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Showing posts from 2022

Memory Leaks: The Magic Circle

ðŸŋ️ Ship it... The Magic Circle  is a 2015 sandbox puzzle game for consoles and PC that takes place in a vaporware adventure game that's been trapped in development hell for nearly twenty years. You are a QA tester who gets abandoned in the game after a dismal playtest that mostly consists of watching the two developers bicker. A rogue... someone... reaches out to you for help from inside the game. He teaches you how to hack the game's creatures and access new parts of the world and start manipulating things--so just maybe you can turn this game into something shippable before the developers figure out what you're up to. How I Remember It... This is a delightfully weird meta-game that derives a lot of humor from poking fun at the culture of software development and video game development in particular. The game-within-the-game The Magic Circle  holds the record for getting the most rounds of crowd-funding for a single project without actually fulfilling it. The main writer

Everything I Need To Know About Relationships I Learned From WHILE YOU WERE SLEEPING

ðŸ˜ī Mr. Sandman, bring me a dream... 1994's Speed  was the movie that introduced us to Sandra Bullock (we don't talk about Demolition Man ) but it was 1995's While You Were Sleeping  that made her a household name. And it is my favorite holiday movie. Forget Die Hard-- this is what I watch at Christmas, and it has been for years. And not just because I'm still harboring a decades-long crush on the lead actor. It's smartly written, full of hilarious performances, peppered with quotable lines, and more than anything else, resonates with me. When I was 15, I spent the week between Christmas and New Years watching this movie almost every single night. Seriously, I'm here for this movie. And, thankfully, the lessons it imparted on my then-hopelessly-romantic 15-year-old brain were actually pretty worthwhile. So here are a few of the takeaways from this movie that I still hold to today. Love = Laughter This is a really big one for me. The film sets up a love triangle b

Memory Leaks: The Lord of the Rings: The Battle For Middle-Earth

⚔️ And my axe... The  Lord of the Rings  movies hit theaters in December 2001 and were an unparalleled box office success. Naturally, there was a desire to capitalize on that success with tie-in video games, which started to arrive about a year later. The first few to hit the scene were about what you'd expect: over-the-shoulder hack-and-slash affairs that were just a little too dark and drab because that was the tone of serious video games, but then in 2004 we got something different: a campaign-style RTS that allowed you to play through the events of the movies as either good or evil. And it was The Lord of the Rings: the Battle for Middle-Earth . How I Remember It... As someone who was obsessed with The Lord of the Rings  in 2004, I think it's safe to say that I played most of the games that were attached to this IP. And I was mostly disappointed, because I don't care for hack-and-slash gameplay all that much. When BfME  came out, the big selling point on the box was tha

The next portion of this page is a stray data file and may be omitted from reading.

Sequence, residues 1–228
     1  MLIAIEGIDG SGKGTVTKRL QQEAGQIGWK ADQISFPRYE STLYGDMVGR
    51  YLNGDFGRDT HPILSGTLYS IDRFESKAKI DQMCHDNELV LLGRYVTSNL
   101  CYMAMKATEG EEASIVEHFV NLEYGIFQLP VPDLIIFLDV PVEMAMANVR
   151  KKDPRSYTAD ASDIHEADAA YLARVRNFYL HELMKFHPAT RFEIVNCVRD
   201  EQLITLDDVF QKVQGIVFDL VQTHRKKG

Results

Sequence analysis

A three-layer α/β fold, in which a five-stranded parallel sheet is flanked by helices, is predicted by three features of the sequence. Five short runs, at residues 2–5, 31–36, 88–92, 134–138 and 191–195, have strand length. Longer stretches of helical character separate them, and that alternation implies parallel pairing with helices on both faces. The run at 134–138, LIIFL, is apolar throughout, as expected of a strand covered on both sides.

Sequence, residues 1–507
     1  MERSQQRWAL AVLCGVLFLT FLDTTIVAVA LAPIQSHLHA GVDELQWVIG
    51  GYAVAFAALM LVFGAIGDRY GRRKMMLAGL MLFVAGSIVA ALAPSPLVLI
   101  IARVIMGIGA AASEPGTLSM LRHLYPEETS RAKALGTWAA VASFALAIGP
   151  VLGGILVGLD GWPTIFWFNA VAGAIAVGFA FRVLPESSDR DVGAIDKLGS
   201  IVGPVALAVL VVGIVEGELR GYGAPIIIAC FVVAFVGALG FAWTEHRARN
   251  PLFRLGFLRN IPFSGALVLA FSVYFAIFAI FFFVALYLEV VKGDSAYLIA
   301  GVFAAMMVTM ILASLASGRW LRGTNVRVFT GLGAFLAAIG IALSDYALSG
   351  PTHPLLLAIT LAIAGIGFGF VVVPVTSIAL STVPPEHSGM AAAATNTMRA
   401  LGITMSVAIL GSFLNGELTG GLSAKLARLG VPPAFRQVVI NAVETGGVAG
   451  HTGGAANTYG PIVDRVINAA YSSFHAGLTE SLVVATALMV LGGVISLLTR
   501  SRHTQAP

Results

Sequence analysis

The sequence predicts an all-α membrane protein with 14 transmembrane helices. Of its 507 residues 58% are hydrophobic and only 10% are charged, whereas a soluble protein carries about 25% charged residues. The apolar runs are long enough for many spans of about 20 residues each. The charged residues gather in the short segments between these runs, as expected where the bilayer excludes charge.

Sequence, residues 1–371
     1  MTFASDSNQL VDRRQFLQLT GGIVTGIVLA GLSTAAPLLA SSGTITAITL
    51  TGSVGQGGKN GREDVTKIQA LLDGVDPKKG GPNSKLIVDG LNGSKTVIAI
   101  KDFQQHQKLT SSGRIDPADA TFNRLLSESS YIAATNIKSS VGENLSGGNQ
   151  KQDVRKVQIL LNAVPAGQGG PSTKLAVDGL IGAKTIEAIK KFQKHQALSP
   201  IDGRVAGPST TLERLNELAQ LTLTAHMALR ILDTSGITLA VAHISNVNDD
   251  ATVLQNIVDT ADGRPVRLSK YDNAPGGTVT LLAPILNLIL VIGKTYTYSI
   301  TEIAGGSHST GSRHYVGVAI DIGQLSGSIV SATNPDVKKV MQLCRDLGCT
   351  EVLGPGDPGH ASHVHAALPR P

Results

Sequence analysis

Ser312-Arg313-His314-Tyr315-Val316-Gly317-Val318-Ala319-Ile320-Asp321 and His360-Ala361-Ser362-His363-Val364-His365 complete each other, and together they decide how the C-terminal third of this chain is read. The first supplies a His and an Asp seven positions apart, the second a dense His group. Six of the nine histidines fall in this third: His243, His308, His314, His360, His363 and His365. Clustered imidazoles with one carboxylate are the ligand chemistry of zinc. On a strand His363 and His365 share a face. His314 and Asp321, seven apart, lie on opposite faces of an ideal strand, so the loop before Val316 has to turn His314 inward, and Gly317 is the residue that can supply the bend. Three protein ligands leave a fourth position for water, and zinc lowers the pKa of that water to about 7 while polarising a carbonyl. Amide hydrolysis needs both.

Stray Thoughts: The Next Crypto Scam

ðŸ’ą We are the dollars and cents and the pounds and pence... So the cryptocurrency market appears to have mostly crashed-- thank farking gourd! I'm taking for granted that crypto and NFTs are almost* all scams, and if you're unsure of why I would think that, I will point you to the definitive explainer on the subject: Dan Olson's sublime video essay Line Goes Up: The Problem with NFTs . * The token counter-example is HNT, which is used to create a market for bandwidth on the Helium network--that is, it's actually being used as a currency rather than purely speculation. Instead of going into the details of why it's a scam, I instead want to talk about why scams like this arise in the first place and why we're inevitably going to see more of them. So strap in, because this is a long one. Actually I'll just skip to the end here: rich people are hoarding too much wealth. That's the cause. That's it. With the corollary that rich people--or hell,  most  pe

Memory Leaks: Super Mario Galaxy

🌌 She's out back counting stars... Super Mario Galaxy  was released in November 2007 just in time for the holidays. It was the first proper Mario title for the Nintendo Wii and the third 3D Mario  game, following the much-beloved Super Mario 64  and the much-reviled Super Mario Sunshine . It introduced a gravity mechanic, wherein Mario would travel between planets trying to find stars to power up a space ship that would take him to his dear kidnapped-again Princess Peach. The game was also built around the novel motion controls of the Wii and took full advantage of controller-waggling-as-gameplay. It was extremely well-received. It was the highest-rated video game on review-aggregator GameRankings right up until the site folded in 2019. How I Remember It... I was intrigued by this game from the get-go, but in 2007 our budget for video games was not so robust that we could just up and drop $50 on a triple-A new release. But the idea had its hooks in me. Interplanetary platforming.


21 people are dead that didn't need to be. My children go through active shooter drills at their elementary schools. Because people like you love guns more than humans. You fucking asshole. I'm so tired of all of this. ]{p

Memory Leaks: You Don't Know Jack, Vol. 3